Carving out a niche means having the best of both worlds
Wild Geese: Phelim Rooney, freelance oil pipe consultant, Norway
Phelim Rooney: “They had no understanding of the expertise needed to do something in the sea”
Phelim Rooney specialises in pipes. Not the kitchen variety, but 400 metre-long jumbos pumping millions of euro worth of oil from the bottom of the sea on platforms located around the world.
Originally from Ballyshannon, Co Donegal, Rooney has been based in Norway for the past three decades. After 10 years of doing project-based work with companies ranging from Conoco to Norway’s Statoil, he decided to hire himself out as a freelance consultant.
“I thought: I’ll do it my way,” he says, with a perceptible Nordic lilt in his Donegal accent. The gamble paid off. Within the first year, he had doubled his earnings.
Rooney started his career on land. He graduated in civil engineering – “everything from sewerage to skyscrapers” – from University College Galway in the mid-1970s. His first job was inspecting fertiliser factories for a Dutch company in Cork.
But it soon became clear that offshore was the place to be. Rooney went on to specialise in offshore engineering at Cranfield Institute of Technology in the UK.
He returned home for a spell to work for the Dublin-based Institute for Research and Standards, which was developing certification norms in anticipation of the boom. But, unlike the UK and Norway, the boom never came to Ireland. So the institute sent Rooney to work in Norway with partner company Det Norske Veritas, “more to keep me busy than anything else”.
He loved the experience, but being on expenses in one of the most expensive places in the world could last only so long.
“The social life was great, but the work wasn’t interesting,” he says. During this time, he was also corresponding with a girl he had met in Oslo. Soon, he was back in Norway, happily “hitched” and working for Det Norske Veritas, Aker and Conoco.
Being a project-based worker, he found himself changing employers quite often.
“There was no need to have company loyalty,” says Rooney. His job required a lot of shopping trips, to places such as Japan and Houston, the oil industry’s Mecca.
It was after a stint working for Conoco that he began to tire of being an employee.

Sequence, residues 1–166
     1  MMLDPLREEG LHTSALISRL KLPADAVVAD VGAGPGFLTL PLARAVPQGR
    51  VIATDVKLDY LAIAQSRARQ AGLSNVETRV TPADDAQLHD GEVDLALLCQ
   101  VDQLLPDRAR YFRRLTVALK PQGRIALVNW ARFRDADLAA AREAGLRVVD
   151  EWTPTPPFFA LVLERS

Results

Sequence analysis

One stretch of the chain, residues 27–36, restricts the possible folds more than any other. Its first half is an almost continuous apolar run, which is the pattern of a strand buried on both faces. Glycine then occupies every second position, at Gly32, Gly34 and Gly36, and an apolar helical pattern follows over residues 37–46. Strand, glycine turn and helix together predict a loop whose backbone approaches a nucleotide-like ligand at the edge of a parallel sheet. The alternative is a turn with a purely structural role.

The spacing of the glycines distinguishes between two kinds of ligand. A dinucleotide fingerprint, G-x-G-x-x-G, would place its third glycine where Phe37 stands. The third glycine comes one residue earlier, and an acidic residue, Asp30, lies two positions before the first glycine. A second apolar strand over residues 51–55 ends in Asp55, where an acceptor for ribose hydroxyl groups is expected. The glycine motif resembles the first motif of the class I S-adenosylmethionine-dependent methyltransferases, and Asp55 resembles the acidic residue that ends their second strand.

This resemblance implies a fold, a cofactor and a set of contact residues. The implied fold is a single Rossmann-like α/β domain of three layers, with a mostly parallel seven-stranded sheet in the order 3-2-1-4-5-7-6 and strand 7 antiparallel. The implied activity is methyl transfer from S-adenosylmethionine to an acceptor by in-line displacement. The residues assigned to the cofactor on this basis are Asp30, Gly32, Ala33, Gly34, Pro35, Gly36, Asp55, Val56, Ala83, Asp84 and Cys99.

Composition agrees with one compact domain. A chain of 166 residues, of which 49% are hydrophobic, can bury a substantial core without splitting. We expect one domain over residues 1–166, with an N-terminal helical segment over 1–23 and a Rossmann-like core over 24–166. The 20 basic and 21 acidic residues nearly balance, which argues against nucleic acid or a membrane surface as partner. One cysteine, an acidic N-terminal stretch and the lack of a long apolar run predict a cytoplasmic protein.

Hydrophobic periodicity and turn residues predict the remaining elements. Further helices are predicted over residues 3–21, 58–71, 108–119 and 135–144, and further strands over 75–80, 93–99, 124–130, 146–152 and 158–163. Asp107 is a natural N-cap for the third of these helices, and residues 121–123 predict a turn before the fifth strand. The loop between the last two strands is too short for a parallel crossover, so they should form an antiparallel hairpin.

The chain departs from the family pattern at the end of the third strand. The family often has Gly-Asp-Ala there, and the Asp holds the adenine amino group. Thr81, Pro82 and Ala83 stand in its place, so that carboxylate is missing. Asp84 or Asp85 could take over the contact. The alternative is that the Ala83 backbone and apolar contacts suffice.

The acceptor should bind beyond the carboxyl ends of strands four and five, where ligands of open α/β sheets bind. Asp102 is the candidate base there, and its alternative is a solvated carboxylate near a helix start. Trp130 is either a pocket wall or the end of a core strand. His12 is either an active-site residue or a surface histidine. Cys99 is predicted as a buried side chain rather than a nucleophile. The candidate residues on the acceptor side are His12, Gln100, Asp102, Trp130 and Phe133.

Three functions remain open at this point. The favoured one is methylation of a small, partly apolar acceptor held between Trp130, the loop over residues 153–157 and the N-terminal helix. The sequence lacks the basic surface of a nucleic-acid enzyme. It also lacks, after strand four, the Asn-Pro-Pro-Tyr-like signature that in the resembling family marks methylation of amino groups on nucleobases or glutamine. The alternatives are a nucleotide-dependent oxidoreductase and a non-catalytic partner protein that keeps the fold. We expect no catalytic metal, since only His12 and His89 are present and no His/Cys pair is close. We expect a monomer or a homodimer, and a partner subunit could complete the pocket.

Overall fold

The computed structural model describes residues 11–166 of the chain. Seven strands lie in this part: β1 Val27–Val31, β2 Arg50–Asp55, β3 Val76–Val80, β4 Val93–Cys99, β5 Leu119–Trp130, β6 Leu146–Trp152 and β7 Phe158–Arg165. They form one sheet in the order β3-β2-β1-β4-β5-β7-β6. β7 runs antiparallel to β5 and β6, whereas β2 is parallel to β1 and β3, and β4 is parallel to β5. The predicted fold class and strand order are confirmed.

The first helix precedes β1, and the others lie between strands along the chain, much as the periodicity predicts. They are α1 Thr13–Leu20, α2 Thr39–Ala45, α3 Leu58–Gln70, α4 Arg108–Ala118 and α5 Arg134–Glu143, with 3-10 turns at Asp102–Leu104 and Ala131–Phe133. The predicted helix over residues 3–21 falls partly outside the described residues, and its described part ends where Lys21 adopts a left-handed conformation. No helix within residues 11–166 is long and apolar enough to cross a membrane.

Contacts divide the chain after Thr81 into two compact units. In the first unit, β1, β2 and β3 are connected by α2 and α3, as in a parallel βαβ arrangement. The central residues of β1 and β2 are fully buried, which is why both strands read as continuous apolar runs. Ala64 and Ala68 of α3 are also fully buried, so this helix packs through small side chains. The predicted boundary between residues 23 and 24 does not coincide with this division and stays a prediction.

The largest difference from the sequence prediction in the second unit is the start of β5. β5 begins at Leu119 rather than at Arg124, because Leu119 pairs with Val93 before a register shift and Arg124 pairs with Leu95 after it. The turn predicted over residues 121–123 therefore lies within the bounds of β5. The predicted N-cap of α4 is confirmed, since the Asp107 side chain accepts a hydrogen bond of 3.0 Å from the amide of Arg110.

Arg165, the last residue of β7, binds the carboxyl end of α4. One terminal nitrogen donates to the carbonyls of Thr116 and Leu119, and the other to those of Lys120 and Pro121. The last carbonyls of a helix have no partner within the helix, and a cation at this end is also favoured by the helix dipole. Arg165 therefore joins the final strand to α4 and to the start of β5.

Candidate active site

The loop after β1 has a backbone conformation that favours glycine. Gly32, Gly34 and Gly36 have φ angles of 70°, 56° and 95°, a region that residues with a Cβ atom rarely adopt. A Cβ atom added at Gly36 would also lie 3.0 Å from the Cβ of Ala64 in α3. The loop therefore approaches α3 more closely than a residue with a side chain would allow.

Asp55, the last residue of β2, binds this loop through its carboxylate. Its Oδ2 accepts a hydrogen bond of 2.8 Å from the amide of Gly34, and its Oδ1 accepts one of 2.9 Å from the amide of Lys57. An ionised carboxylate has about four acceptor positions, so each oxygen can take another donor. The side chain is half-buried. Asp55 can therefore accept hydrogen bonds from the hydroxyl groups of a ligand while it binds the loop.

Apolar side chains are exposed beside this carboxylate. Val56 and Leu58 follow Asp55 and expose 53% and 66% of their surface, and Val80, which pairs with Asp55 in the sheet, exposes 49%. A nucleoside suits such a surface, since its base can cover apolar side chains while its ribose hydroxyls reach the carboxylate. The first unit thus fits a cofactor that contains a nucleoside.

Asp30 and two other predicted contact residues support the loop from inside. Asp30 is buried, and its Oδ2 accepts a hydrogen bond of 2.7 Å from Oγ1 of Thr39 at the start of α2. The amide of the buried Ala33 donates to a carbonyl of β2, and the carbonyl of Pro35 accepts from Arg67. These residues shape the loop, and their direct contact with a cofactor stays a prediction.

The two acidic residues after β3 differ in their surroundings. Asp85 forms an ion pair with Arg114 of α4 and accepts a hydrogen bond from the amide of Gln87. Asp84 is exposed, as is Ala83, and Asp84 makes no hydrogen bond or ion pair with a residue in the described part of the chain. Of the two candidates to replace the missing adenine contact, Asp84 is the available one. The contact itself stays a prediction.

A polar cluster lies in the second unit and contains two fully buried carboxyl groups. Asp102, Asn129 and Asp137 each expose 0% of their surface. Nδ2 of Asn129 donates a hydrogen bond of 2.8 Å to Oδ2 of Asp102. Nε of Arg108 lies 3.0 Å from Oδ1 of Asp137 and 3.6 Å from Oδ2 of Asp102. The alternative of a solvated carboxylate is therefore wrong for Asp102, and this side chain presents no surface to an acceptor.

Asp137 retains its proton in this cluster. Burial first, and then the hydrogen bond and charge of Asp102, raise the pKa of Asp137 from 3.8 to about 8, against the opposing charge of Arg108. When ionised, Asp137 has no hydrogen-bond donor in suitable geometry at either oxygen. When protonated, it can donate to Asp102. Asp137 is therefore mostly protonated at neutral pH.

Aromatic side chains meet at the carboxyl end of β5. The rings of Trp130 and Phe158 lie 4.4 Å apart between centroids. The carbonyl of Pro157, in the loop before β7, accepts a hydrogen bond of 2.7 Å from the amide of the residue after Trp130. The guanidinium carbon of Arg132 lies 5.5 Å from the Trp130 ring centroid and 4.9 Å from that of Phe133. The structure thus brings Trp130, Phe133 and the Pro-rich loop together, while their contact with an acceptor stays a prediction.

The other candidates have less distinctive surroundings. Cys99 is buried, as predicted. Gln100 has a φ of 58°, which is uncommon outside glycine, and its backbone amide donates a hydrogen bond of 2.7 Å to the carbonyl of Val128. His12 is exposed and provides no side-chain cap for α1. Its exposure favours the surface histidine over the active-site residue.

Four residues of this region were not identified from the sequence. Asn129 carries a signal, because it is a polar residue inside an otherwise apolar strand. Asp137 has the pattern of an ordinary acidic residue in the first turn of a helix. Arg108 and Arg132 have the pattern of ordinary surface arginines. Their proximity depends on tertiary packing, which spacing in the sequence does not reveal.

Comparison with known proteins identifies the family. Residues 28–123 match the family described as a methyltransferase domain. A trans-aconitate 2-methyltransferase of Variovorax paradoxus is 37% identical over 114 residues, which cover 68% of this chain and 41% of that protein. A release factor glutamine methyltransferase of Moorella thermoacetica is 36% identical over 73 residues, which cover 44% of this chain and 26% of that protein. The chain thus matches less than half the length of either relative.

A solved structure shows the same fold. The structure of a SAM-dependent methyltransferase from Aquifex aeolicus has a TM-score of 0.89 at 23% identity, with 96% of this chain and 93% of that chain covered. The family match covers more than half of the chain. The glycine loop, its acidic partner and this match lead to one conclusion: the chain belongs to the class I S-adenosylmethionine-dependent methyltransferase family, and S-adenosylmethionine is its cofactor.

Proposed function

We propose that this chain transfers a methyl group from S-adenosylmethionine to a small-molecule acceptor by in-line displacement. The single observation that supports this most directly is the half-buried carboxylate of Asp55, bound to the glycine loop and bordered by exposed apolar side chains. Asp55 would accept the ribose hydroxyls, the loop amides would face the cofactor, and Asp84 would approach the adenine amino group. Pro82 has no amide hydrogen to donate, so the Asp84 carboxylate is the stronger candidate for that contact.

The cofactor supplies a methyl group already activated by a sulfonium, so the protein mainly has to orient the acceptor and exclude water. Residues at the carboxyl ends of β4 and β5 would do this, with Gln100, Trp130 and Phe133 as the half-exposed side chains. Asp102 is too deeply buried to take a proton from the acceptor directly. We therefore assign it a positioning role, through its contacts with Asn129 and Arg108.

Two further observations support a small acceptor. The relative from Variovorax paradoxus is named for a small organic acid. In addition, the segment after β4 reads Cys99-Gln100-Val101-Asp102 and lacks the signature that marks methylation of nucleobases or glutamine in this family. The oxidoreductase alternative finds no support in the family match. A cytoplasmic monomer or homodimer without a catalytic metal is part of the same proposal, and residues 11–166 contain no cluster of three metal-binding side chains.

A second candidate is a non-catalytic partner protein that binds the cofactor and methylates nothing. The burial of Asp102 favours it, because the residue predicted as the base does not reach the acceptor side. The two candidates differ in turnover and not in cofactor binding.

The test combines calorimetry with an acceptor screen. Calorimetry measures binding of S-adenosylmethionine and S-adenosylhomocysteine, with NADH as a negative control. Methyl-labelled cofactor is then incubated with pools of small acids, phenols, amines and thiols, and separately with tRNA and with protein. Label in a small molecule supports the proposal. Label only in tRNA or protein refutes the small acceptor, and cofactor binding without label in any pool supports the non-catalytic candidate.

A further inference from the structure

“Most of the staff were Texas oilmen with their snakeboots. They hadn’t done their time offshore and had no understanding of the expertise needed to do something in the sea.
“It would have been nice to walk away from that job after a couple of months. But I was stuck in many ways,” he says.
After three years of grind, he went back to Aker, which was preparing to rent out his pipe-building expertise to Statoil. Rooney decided it was time to take his destiny in his own hands.
“It’s a win-win situation,” he says. “I don’t have to go out there selling my services. And I get 92 per cent of what they invoice. It’s a good combination of being in a working environment and earning lots of money.”
For the past few years, there has been great demand in Norway for foreign engineers. But with oil prices plunging, that trend is now slowing. As the rigs get older, however, there remains a big market for maintenance and repair.
“That’s where old boys like me are useful,” says Rooney. “Sometimes I have to go back and work on something I worked on 20 years ago.”
Being an “old boy” also means Rooney has had time to build himself a network of industry contacts, many of whom have set up their own companies. It was one such contact who had him working a year in Houston and flying back to Norway every two weeks.
Now 60, he hopes to carry on for a few more years. He is also looking forward to having more time to devote to his first love, theatre – in Norwegian.
“They tease me. They say I can’t roll my Rs!” he says of his fellow thespians, again in his unique accent, somewhere between Oslo and Ballyshannon.